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My great patron was a Captain Bridgeman, a very thin, elegantly-made man, who was continually performing feats of address and activity; occasionally I would escape with him and go down to the mess, remain at dinner, drink toasts, and, standing on the mess-table, sing two or three comic songs which he had taught me.
I sometimes returned a little merry with the bumpers, which made my mother very angry, my old grandmother to hold up her hands, and look at the ceiling through her spectacles, and my aunt Milly as merry as myself. Before I was eight years old, I had become so notorious, that any prank played in the town, any trick undiscovered, was invariably laid to my account; and many were the applications made to my mother for indemnification for broken windows and other damage done, too often, I grant, with good reason, but very often when I had been perfectly innocent of the misdemeanour.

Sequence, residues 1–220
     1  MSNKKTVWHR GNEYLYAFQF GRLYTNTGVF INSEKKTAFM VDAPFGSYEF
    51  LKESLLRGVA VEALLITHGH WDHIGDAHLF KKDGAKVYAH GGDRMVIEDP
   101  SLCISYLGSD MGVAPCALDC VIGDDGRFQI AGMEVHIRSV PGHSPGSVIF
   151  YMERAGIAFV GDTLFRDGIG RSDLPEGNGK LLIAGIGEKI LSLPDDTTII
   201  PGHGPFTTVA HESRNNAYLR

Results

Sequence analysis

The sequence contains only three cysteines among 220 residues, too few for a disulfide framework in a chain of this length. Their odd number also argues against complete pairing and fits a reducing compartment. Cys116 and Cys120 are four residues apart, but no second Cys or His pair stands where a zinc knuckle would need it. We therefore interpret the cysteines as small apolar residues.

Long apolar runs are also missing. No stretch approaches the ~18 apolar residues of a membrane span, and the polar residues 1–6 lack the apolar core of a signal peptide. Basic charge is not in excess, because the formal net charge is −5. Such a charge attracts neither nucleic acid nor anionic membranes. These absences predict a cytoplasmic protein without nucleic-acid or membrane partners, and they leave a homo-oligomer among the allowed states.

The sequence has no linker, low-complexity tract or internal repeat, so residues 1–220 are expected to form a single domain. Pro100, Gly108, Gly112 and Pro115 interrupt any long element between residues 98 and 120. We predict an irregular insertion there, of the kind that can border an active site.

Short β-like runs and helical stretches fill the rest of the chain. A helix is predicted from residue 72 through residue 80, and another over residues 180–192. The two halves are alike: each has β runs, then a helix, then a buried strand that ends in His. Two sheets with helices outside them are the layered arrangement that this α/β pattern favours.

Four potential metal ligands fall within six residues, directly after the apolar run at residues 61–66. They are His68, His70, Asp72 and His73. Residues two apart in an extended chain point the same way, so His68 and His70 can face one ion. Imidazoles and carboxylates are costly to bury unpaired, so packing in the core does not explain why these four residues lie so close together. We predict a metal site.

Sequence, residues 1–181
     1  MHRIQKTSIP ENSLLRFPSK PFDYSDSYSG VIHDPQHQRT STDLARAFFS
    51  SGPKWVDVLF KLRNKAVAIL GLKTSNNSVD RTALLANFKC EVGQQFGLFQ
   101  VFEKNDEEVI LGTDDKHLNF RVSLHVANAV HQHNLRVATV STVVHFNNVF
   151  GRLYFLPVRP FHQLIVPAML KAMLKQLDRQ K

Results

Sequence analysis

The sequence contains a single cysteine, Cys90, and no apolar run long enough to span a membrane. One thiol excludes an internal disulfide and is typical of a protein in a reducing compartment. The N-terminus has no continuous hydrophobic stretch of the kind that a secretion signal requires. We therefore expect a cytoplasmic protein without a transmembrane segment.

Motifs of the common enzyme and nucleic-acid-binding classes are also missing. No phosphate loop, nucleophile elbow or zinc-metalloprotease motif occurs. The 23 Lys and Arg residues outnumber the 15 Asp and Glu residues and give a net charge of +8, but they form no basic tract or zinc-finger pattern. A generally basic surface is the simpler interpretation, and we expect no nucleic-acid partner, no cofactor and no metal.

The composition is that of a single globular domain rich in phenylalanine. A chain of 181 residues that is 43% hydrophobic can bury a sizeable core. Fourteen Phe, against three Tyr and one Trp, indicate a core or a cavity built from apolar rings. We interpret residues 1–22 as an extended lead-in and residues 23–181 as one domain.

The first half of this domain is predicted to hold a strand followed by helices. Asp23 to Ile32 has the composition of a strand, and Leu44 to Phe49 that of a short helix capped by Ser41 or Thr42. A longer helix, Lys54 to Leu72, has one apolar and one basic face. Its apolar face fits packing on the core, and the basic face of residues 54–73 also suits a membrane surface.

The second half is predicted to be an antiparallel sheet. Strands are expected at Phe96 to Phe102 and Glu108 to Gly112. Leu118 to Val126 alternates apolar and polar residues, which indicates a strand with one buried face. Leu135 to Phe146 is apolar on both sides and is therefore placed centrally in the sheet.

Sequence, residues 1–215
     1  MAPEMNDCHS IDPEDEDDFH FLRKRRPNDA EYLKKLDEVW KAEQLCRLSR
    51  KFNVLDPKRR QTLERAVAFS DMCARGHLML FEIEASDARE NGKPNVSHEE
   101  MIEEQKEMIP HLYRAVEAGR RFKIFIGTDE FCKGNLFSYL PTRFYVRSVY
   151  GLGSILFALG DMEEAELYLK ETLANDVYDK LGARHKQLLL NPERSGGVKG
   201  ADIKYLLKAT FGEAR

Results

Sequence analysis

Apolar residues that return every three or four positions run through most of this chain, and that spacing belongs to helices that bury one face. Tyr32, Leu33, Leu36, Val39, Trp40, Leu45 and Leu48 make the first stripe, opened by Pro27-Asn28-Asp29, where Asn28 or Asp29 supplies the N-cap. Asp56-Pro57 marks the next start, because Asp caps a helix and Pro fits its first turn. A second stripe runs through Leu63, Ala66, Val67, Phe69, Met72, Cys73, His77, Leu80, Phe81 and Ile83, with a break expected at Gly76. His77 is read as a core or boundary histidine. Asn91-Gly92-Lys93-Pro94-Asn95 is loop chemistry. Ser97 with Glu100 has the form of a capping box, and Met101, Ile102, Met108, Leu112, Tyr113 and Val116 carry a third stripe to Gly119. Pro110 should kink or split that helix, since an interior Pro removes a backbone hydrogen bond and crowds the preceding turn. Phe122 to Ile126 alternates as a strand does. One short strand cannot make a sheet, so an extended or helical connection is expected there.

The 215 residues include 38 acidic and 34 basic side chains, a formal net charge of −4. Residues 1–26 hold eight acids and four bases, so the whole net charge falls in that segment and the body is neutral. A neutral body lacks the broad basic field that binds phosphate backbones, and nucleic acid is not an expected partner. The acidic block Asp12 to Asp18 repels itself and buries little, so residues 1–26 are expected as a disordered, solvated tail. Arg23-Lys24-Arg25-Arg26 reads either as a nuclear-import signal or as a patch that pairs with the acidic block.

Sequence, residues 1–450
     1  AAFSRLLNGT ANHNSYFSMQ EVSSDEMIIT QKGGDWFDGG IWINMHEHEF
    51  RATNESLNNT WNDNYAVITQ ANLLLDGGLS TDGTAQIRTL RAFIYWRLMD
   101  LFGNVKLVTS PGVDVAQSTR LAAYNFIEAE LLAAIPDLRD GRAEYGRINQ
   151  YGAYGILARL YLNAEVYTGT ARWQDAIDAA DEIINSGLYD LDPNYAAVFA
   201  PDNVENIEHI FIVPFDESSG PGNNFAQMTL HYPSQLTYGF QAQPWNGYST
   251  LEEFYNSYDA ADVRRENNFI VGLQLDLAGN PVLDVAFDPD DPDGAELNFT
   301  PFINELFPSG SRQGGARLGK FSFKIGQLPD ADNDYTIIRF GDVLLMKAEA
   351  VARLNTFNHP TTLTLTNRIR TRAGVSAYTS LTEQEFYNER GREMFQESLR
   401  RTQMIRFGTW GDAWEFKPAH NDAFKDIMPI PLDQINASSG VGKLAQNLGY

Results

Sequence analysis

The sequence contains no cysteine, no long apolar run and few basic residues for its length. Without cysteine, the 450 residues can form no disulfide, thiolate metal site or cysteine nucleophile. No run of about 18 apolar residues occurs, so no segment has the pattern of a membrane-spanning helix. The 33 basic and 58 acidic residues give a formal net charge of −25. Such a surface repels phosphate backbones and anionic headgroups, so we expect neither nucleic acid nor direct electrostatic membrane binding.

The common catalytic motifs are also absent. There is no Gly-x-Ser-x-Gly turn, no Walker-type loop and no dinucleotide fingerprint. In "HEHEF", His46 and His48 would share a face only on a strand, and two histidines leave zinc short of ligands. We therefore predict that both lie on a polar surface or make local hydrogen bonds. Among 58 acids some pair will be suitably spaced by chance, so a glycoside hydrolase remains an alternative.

At last I was voted a common nuisance, and every one, except my mother and my aunt Milly, declared that it was high time that I went to school. One evening the whole of the family were seated at tea in the back parlour. Whether my mother thought that this was an innuendo reflecting upon any portion of her own life, I cannot tell; but she replied very tartly.
Deary me, I have dropped my needle. My grandmother rose, and turned round and round, looking for her needle, which, strange to say, she could not find; she opened her snuff-box, and took a pinch to clear her optics. I thought proper to obey the order and pretended to be very diligent in my search. A minute afterwards, Ben the marine first tapped gently, and then opened the door and came in; for at that late hour the officers were all at dinner, and the shop empty.